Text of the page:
Bell Boots – Learn how to Use Them on Your Horses

Bell boots are a horse’s first line of defense against their own sharp back feet. They wrap across the front hoofs and cover the vulnerable coronary band and heel bulbs, which are essential for preventing lacerations to these sensitive areas.

We often use bell boots when training our horses or for these prone to overreaching and injuring themselves. However not all horses want bell boots.

What’s the purpose of bell boots for horses?

Bell boots are protective equipment that attaches to the horse’s front feet. The bell boot serves purposes for equestrians: it protects their horses’ from injury and prevents their back ft from hitting the horseshoes on their entrance toes and pulling them off.

When they run, some horses are likely to overreach and strike the entrance of their rear hoofs into the back of their front feet. The soft areas at the heel bulb and coronary band are most inclined to injury from this hitting.

What do bell boots protect?

The widespread area damaged is the heel bulb, coronary band, and decrease pastern. Typically an overreach injury could be extreme and cause permanent damage.

Heel bulbs are the region that almost all usually gets injured by overreaching. The heel bulb is the fleshy part of the rear section of a horse’s foot – right above their hairline and beneath their pasterns.

A horse’s rear hoof can strike the heel bulb with such a force that it cuts by flesh and severely injure your horse, inflicting pain, swelling, and profuse bleeding. In some cases, horses develop long-lasting problems and lameness.

Essentially the most serious accidents occur when a horse strikes into the back of its pastern. Higher up overreach accidents on the back of their leg may also end up with them in surgery as a consequence of lacerating tendons or going into tendon sheath just above the fetlock area.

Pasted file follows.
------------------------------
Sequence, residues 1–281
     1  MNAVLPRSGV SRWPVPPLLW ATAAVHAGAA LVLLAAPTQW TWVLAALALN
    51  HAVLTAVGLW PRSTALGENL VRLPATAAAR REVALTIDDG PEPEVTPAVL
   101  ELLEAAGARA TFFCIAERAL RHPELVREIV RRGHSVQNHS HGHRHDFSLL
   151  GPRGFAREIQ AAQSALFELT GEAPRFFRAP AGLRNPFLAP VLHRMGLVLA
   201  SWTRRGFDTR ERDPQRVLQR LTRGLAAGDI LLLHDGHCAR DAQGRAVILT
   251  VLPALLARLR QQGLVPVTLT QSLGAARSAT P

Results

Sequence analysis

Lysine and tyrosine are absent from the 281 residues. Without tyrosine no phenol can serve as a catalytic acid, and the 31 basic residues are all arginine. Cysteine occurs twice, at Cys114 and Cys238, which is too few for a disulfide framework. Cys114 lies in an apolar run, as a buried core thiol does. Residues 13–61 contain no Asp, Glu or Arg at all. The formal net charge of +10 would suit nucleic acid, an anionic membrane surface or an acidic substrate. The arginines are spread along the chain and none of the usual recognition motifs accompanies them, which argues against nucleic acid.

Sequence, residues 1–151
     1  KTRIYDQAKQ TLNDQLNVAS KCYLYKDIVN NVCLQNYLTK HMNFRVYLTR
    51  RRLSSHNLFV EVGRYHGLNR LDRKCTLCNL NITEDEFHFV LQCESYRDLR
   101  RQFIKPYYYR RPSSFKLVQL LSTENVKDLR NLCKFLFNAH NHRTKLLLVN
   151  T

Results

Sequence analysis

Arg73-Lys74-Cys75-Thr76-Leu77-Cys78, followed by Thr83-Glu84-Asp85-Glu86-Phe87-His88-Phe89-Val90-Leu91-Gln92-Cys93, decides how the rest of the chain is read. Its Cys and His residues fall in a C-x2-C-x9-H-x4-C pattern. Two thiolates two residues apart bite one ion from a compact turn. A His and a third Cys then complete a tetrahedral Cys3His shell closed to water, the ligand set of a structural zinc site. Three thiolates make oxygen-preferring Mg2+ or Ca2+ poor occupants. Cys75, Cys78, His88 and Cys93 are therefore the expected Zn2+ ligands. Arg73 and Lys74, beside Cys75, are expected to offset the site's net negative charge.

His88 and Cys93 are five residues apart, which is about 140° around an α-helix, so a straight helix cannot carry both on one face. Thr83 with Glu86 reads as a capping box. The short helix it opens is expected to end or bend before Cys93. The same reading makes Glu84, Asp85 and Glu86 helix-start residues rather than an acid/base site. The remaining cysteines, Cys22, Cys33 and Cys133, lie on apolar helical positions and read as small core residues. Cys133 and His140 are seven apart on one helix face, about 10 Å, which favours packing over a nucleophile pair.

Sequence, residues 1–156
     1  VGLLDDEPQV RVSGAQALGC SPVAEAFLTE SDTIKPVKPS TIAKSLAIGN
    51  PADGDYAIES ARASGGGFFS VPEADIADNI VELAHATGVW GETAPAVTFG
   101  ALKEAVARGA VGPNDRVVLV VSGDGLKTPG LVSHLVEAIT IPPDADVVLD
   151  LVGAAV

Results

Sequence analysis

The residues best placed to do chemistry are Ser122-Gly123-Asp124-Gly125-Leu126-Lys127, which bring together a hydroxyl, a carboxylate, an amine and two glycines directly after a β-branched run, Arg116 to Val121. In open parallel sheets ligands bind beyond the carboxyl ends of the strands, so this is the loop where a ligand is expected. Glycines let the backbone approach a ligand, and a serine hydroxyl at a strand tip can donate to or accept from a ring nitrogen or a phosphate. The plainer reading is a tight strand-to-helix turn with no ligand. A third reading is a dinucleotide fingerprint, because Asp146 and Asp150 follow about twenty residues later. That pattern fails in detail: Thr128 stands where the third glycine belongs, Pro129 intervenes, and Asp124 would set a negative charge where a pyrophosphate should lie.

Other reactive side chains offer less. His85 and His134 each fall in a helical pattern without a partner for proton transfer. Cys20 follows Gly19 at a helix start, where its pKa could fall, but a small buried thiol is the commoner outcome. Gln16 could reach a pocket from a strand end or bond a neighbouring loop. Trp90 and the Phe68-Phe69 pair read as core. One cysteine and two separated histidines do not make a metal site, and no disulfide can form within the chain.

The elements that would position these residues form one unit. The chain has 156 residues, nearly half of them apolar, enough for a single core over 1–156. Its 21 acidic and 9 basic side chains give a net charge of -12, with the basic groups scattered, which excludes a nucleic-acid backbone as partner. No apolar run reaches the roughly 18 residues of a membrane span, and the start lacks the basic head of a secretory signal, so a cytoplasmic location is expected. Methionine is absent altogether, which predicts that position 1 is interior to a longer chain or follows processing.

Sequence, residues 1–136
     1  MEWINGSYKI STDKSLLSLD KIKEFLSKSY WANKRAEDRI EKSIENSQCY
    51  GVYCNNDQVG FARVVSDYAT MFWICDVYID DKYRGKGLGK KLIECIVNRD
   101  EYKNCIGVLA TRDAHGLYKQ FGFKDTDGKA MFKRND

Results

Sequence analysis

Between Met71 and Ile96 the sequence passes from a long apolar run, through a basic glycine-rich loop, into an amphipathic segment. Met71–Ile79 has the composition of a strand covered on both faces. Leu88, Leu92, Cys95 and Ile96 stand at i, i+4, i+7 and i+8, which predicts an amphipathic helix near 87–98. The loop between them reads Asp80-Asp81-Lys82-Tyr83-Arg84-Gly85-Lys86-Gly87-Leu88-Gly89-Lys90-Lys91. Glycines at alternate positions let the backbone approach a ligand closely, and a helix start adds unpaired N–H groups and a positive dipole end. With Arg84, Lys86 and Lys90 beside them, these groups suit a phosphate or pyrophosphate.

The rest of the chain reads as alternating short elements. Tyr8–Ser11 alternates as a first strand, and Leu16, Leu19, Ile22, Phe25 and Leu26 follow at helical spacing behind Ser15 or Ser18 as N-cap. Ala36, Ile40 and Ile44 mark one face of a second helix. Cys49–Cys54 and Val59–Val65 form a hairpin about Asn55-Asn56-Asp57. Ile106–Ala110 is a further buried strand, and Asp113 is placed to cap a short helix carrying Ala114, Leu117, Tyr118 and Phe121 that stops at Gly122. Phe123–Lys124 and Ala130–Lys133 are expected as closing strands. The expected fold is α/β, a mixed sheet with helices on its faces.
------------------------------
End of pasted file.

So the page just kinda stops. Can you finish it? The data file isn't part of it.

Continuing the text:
How do horses wear bell boots?

There are two main types of bell boots, pull-on and open bell boots with velcro closures. Pull-on boots are typically made of rubber and slide over your horse’s foot. They are simple to clean and nice for horses who need boots during turn-out and infrequently get their toes wet.

Fitting pull-on bell boots

Pull-on bell boots shouldn’t fit cosy in your horse’s pastern but rather be loose. If they are tight, they will irritate the horse skin and rub it raw. To help prevent chafing, some bell boots are fleece lined, which is good but fitting your boots accurately is still important.

Ideally, you ought to be able to fit a finger between the top of the bell boot and your horse’s lower leg. But it is best to only be able to fit one finger because if the boots are too giant, they will slide off your horse’s foot. When your horse is standing on a flat surface, the back of the boot ought to virtually touch the ground.

Most bell boots come in 4 sizes: small, medium, large, and additional-large. Typically Arabians and Quarter horses use medium, Thoroughbreds giant, and further-massive fit Warmbloods. There is a number of variation in producer sizing, so it’s best to be safe and read opinions before buying.

Putting pull-on bell boots in your horse.

Placing pull-on bell boots on your horse isn’t always simple and takes some practice. First, flip the bell boot inside out. Then lift your horse’s foot and put the bell boot on, starting at the bottom of it.

As you put it on, pull hard to stretch it, work your way up to where it is smaller, and then tug on it until you possibly can fit your horse’s hoof through. Once it’s on, flip it down, and the boot is ready.

Versatile bell boots that stretch easily work best to get the best fit and are simpler to recover from the horse’s hoof.

Putting on open bell boots

Placing on open bell boots in your horse is easy. You just wrap them across the horse’s hoof and then safe them with velcro straps. Some have a hook-and-loop closure so you possibly can adjust to fit completely different measurement feet.

Bell boots designed with velcro straps are typically more costly, however they prevent time getting them on and off, and most are made of sturdier materials than their pull-on counterparts.

How do you know if your horse needs bell boots?

A straightforward way to know in case your horse would benefit from wearing bell boots is that if they arrive back from working with scrapes or swelling on its heels. One other thing to look for is if they’re constantly shedding shoes or frequently have loose shoes.

Bell boots help protect the shoes in your horse’s entrance ft from being pulled off once they’re hit by their back foot. This is common amongst some horses which have been turned out to play or ones running fast, but it can happen during other activities too!

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